What is the meaning of "ruined" in the poem?

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Generally speaking, the word "ruined," when applied to young women in Hardy's time, means the women had been morally or sexually "spoiled" by becoming prostitutes or mistresses of wealthy men or by finding some other way of monetizing their sexual desirability. The usage suggests passivity; ruin is something that is done to women by men. It also objectifies women, in that their "ruin" is a fall from an earlier, better state that any (male) outside observer could see. Hardy calls attention to this usage by the form of the poem and the repetition of the word "ruin" at the end of each stanza.

The poem takes the form of a dialog between the "ruined" woman and a female friend who chances to meet her in London. There is a certain infantile quality to the structure of the poem -- the repetition resembles a nursery rhyme. The friend notices a different thing about the "ruined" girl's appearance in each stanza, about her dress, her speech, her hands, and so forth, and the ruined girl ironically attributes these refinements to being "ruined." The ordinary sense of this is that her "ruination" is a perversion of an earlier, purer state, except that it is pretty clear from the poem that she is, at least materially, much better off now. So, while the poem on the surface appears to condemn her "ruination," at the same time there is a recognition that the only path to prosperity for girls like these lies through "ruin." In this sense, the "ruin" in the final stanza is not something that has happened to the girl, but something she has chosen:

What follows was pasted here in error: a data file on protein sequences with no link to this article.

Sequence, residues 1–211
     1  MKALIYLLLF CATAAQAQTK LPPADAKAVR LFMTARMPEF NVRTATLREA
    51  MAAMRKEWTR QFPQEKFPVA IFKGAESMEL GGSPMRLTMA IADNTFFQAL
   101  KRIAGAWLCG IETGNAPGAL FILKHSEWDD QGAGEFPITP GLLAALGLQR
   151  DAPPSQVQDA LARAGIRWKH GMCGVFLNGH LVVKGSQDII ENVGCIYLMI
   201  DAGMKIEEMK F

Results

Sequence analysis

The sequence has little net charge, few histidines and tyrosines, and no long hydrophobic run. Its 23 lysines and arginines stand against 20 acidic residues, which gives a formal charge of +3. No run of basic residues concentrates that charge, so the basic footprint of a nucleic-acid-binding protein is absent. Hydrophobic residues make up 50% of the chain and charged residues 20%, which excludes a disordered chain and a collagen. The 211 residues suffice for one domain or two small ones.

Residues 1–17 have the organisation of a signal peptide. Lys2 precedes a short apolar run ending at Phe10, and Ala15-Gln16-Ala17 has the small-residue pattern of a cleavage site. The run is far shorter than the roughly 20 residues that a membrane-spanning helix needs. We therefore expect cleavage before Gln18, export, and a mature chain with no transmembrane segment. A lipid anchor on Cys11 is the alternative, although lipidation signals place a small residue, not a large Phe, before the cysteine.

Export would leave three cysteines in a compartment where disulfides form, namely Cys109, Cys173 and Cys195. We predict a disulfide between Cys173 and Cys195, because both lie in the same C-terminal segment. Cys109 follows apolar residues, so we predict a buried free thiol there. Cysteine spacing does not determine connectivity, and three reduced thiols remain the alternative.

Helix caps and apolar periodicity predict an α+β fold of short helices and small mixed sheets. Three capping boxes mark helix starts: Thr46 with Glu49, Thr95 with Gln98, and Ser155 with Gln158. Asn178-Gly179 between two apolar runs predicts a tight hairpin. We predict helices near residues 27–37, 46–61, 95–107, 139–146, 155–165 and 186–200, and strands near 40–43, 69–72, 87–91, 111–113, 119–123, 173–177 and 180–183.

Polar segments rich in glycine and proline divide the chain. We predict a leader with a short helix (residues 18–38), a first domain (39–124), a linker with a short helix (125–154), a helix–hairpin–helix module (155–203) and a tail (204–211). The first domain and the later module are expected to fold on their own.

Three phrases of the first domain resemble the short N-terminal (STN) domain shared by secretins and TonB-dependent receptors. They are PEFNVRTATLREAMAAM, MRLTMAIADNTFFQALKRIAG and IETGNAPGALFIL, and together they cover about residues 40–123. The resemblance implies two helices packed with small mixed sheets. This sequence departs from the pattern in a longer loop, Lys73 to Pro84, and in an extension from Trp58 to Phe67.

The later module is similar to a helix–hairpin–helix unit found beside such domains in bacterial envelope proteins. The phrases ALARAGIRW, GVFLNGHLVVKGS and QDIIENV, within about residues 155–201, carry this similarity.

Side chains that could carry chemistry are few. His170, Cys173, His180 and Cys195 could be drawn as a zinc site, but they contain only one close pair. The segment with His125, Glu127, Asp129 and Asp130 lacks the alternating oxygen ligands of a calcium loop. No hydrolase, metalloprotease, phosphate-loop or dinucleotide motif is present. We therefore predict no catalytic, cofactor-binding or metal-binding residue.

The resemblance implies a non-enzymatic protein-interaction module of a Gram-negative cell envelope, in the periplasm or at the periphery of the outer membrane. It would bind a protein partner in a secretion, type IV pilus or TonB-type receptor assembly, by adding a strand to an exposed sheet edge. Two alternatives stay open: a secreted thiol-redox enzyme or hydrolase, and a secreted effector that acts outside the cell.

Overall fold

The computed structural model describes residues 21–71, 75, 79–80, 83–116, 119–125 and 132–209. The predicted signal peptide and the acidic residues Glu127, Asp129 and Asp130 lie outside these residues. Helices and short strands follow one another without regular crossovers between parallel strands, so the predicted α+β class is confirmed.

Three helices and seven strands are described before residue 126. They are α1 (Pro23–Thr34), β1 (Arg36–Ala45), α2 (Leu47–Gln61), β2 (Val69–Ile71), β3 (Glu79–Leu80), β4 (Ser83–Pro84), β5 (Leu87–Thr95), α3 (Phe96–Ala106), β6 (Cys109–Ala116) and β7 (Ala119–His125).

— "I wish I had feathers, a fine sweeping gown,
And a delicate face, and could strut about Town!"
— "My dear — a raw country girl, such as you be,
Cannot quite expect that. You ain't ruined," said she.

Her friend expresses envy at her coming up in the world, and the reply "You ain't ruined," could mean regret about her state, or it could be a suggestion, along the lines of, "If you like all this, you should become 'ruined' too!" I think it is entirely characteristic of Hardy to mean both things at once.

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In Thomas Hardy's poem "The Ruined Maid" each stanza ends with a line that refers to the speaker as being "ruined." The word means that the woman has been morally spoiled and tainted, specifically, she has become a prostitute. The poem uses the word with great irony; although a woman who is "ruined" should feel regret and despair, the speaker seems satisfied and even smug with that appellation. Previously, she had worked at hard labor doing field work; her clothes were tattered and she had no shoes because of her extreme poverty. Her speech and hands were coarse. Now she returns dressed in finery, speaking in language that "fits 'ee for high compa-ny," and wearing lovely gloves. Even her complexion is "delicate" now. Her explanation for these great changes in her appearance and demeanor is that she has been "ruined." In other words, she has gone into prostitution as a way of escaping the extreme poverty and the lack of opportunity that faced women at the turn of the 20th century. The reader is left wondering what really "ruins" women. 

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